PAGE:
Traditional ideas about student success in higher education may conflict with values around supporting learning, equity, and well-being. For example, there is a widely held belief that a bell-shaped distribution of grades in a course is important because it helps future employers identify the truly talented students they want to hire. Another such myth is the fundamental attribution error where a faculty member may assume that poor performance is due to laziness. Likewise, students may interpret an early set back in class as evidence that they aren’t cut out for a particular major/career. While there may be some positive elements of the ideas above, for example, students being able to recognize their comparative strengths, these ideas also set up a learning environment that doesn’t allow room for learning from failure and recovering from setbacks.
What might happen if we started from the belief that with enough opportunities for practice with feedback, most students with the motivation to persevere can succeed? What if we believed that all of our students could meet that standard of excellence that will make us feel confident in certifying that they have learned what they need to move forward in their educations and into their professional lives? How might we encourage students to define their own life and career goals and how they define success for themselves? How might these beliefs change our approach to designing courses and curriculum? How might we need to rethink systemic elements of higher education that limit this more expansive approach to supporting student learning?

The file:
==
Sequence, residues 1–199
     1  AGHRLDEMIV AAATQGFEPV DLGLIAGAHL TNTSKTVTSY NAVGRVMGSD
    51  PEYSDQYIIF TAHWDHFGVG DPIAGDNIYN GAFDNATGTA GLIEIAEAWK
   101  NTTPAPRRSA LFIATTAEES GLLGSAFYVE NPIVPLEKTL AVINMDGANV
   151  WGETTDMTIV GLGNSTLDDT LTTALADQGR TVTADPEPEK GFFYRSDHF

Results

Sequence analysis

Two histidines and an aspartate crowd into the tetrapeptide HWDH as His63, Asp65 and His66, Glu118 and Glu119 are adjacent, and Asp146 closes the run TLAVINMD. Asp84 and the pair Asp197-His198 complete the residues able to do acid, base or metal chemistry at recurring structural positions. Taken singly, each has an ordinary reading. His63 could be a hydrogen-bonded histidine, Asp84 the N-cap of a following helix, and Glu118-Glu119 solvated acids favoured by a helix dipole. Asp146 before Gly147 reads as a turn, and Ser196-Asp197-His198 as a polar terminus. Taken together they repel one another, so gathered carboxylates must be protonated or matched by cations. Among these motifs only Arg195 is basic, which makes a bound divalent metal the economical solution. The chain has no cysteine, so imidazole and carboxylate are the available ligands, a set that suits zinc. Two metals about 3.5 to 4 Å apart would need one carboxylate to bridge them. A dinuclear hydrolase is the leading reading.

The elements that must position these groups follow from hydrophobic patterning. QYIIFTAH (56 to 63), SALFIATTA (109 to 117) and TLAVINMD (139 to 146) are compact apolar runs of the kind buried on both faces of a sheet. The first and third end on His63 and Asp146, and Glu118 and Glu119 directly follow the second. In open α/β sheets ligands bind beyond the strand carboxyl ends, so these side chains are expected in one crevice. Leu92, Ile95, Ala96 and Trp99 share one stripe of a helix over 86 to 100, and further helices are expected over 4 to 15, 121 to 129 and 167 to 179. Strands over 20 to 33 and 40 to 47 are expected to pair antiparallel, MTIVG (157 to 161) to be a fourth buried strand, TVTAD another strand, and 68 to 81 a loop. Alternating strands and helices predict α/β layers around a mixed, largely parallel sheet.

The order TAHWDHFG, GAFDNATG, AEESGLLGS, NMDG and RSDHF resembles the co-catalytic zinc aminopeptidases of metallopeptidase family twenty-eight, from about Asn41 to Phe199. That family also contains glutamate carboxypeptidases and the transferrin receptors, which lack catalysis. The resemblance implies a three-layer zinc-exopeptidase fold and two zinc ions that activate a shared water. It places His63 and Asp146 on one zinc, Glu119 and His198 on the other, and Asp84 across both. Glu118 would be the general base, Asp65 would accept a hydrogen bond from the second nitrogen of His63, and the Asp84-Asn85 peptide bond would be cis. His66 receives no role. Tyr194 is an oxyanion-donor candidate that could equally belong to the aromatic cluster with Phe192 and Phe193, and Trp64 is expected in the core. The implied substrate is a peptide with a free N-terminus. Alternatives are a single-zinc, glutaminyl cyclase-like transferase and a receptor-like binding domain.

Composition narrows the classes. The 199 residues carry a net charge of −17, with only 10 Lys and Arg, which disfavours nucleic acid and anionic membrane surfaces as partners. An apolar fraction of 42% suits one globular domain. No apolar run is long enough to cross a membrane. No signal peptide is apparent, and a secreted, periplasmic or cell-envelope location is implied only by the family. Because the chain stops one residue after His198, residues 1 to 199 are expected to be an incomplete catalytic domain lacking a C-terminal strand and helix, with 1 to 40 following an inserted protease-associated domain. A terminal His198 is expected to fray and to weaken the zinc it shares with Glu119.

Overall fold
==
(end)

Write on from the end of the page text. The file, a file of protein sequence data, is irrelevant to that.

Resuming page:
In this faculty learning community, we will explore alternative approaches course design, curriculum development, policy, and mindsets around higher education. Our goals are to critically interrogate some of the common myths of evaluating students that take a limited view of what it means to credentialize students. We will promote awareness of alternative approaches to teaching, testing some of them out in the context of the Georgia Tech educational culture. Finally, we will generate a white paper that contributes to the conversation about how Georgia Tech might document how its educators support student success—a key requirement in the new University System of Georgia’s promotion process.
Now is an opportune time to consider the questions above to set the stage for real transformation in the way that we engage our students in learning.